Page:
Research gaps, as suggested above, will probably require innovative ways of conducting research. The above study conducted by Feigean et al. (2018a) illustrated how hypotheses obtained from real-time naturalistic team coordination studies can be heuristically advanced, while being investigated out of real-world sport settings. Multi-agents systems and simulation studies probably affords powerful methods to increase the knowledge about emergence in team behaviors.
JB build the rationale of the opinion and wrote first half of the manuscript. MF wrote second half of the manuscript. RS contributed to review the complete manuscript. All authors contributed to the empirical study cited in the perspectives-section.
Conflict of Interest Statement
The authors declare that the research was conducted in the absence of any commercial or financial relationships that could be construed as a potential conflict of interest.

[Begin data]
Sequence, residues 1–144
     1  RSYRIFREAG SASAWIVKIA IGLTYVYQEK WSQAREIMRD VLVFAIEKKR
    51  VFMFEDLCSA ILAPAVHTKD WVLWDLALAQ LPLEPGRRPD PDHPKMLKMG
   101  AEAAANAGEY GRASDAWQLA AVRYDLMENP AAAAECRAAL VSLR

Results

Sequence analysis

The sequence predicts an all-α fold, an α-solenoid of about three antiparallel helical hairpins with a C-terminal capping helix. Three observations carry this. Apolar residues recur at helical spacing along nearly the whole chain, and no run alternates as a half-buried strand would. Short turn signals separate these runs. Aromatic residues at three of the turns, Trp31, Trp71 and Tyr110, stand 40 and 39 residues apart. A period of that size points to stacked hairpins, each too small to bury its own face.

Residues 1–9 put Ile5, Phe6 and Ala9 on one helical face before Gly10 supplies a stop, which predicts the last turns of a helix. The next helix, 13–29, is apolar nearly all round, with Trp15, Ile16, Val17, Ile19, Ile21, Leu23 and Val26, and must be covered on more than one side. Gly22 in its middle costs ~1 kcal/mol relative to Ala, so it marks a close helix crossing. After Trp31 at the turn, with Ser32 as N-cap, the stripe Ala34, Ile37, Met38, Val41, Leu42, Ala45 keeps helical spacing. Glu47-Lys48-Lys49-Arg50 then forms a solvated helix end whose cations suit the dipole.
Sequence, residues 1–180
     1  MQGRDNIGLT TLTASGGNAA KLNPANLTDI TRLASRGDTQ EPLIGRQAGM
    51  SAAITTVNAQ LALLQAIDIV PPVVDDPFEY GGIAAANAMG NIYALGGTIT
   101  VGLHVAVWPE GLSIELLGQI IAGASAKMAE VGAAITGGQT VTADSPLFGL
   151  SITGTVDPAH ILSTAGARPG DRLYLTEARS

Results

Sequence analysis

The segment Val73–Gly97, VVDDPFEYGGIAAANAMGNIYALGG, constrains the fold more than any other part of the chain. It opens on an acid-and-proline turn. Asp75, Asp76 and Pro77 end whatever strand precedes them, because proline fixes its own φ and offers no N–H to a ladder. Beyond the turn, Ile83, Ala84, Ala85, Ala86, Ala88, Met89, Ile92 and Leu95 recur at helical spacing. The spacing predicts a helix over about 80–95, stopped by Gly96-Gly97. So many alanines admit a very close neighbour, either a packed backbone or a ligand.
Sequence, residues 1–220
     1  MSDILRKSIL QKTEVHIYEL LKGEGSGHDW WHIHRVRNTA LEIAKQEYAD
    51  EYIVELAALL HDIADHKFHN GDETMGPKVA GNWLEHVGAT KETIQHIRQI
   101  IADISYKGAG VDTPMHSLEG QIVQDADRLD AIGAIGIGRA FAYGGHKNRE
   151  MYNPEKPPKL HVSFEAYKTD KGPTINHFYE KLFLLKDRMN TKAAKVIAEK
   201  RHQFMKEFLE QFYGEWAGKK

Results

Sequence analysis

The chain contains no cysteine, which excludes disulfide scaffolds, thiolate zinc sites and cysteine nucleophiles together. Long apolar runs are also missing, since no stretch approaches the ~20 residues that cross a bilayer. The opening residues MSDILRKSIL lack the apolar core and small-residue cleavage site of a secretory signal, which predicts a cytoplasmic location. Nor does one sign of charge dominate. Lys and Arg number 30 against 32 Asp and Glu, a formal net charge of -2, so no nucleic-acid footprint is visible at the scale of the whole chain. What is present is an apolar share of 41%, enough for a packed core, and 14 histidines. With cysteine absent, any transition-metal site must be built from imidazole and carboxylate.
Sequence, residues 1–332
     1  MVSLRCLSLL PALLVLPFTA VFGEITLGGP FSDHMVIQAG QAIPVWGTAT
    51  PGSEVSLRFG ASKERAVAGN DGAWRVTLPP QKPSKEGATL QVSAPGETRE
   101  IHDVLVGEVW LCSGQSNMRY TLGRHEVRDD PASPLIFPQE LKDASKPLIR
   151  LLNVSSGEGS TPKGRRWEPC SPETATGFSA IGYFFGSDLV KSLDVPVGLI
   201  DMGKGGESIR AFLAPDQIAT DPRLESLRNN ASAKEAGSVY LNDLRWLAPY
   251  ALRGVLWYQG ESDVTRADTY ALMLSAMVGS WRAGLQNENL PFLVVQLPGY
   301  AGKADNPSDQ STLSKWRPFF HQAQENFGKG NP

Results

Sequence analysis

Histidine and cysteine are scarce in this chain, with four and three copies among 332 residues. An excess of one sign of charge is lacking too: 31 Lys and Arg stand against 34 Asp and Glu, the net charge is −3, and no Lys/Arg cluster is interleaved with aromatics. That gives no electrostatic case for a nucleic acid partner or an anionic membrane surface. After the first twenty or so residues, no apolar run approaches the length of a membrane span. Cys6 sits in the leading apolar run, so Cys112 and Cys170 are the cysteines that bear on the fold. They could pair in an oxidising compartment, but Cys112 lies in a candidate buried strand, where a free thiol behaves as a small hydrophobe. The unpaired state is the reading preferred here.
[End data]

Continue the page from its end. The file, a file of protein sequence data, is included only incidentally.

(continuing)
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Keywords: team coordination, shared understanding, naturalistic investigation, situated cognition, video-based field study, multi-agent system
Citation: Bourbousson J, Feigean M and Seiler R (2019) Team Cognition in Sport: How Current Insights Into How Teamwork Is Achieved in Naturalistic Settings Can Lead to Simulation Studies. Front. Psychol. 10:2082. doi: 10.3389/fpsyg.2019.02082
Received: 19 July 2019; Accepted: 27 August 2019;
Published: 10 September 2019.
Edited by:Denis Hauw, Université de Lausanne, Switzerland
Reviewed by:Gilles Kermarrec, Université de Bretagne Occidentale, France
Copyright © 2019 Bourbousson, Feigean and Seiler. This is an open-access article distributed under the terms of the Creative Commons Attribution License (CC BY). The use, distribution or reproduction in other forums is permitted, provided the original author(s) and the copyright owner(s) are credited and that the original publication in this journal is cited, in accordance with accepted academic practice. No use, distribution or reproduction is permitted which does not comply with these terms.
*Correspondence: Jérôme Bourbousson, firstname.lastname@example.org